Voice disorders

What are voice disorders?

Voice disorders are medical conditions which affect the sounds that depend on the larynx (vocal cords), the pitch, volume, tone and other qualities of the voice. Voice disorders, therefore, affect speech production. 

Your vocal cords are made of muscle, mucous membranes, and cartilage. Vocal cords are located at the top of your windpipe (trachea) and below your tongue. If they become inflamed, develop growths or become paralyzed they can’t work properly and this could mean you might develop a voice disorder.

The origin of such changes can be organic, physiological, psychological or environmental. There are also two types of disorders: dysphonia and aphonia. Aphonia is the total loss of voice, whether temporary or chronic and can be caused by overuse of the vocal cords, a respiratory disease, intake of toxic or irritating products, excessive cold or nervous causes. Treatment may include resting the voice, medication, voice therapy or, in severe cases, surgery.

Dysphonia is a disorder of voice intensity due to an injury in the organs or poor use of the voice (functional). The most common causes of this condition are overly straining your voice (voice hyperfunction), gastroesophageal reflux, smoking, infections such as laryngitis or tuberculosis, neurological disorders of the larynx, tumours, and trauma, among others. The treatment involves learning relaxation techniques and breathing, exercising the shoulder, neck and face muscles, and speech therapy.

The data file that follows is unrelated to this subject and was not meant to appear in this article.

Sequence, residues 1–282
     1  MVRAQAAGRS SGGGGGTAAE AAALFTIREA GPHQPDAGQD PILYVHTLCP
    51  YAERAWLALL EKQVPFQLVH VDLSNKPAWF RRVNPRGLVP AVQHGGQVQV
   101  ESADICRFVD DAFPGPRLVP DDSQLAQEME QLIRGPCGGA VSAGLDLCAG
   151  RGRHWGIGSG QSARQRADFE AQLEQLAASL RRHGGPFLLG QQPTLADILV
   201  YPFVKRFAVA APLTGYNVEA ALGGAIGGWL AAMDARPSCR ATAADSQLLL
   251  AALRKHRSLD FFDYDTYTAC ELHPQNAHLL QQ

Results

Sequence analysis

What are some risk factors that can contribute to a voice disorder?

  • Ageing
  • Alcohol consumption
  • Allergies
  • Gastroesophageal reflux disease
  • Illnesses such as upper respiratory infections or colds
  • Neurological disorders
  • Trauma at the front of the neck or from neck surgery
  • Screaming
  • Stress
  • Smoking
  • Throat dehydration
  • Thyroid problems
  • Voice overuse or misuse

What are the signs that you may have a voice disorder?

  • Your voice has become hoarse or raspy
  • You've lost the ability to hit some high notes when singing
  • Your voice sounds deeper than usual
  • Your throat often feels achy, raw, or strained
  • It's become an effort to talk

How can voice disorders be treated?

Treatment for voice disorders varies depending on the cause. Most voice problems can be successfully treated when diagnosed early.

Treatment will depend on the factors causing your voice disorder, however, they can include medication, voice therapy, injections or even surgery.

If you feel you have signs and symptoms of a voice disorder, it is advised to speak with an Otolaryngologist who will be able to diagnose and treat you.